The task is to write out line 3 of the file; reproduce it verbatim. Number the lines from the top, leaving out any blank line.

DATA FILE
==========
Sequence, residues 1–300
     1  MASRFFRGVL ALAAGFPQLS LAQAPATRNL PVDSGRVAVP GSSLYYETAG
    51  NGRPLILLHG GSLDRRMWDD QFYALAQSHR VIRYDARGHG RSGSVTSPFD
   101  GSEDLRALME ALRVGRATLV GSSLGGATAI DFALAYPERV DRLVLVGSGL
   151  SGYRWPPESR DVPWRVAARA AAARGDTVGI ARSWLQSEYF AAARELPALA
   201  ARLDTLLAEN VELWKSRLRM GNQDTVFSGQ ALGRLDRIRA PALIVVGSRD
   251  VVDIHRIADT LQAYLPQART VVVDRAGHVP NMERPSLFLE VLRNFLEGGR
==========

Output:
    51  NGRPLILLHG GSLDRRMWDD QFYALAQSHR VIRYDARGHG RSGSVTSPFD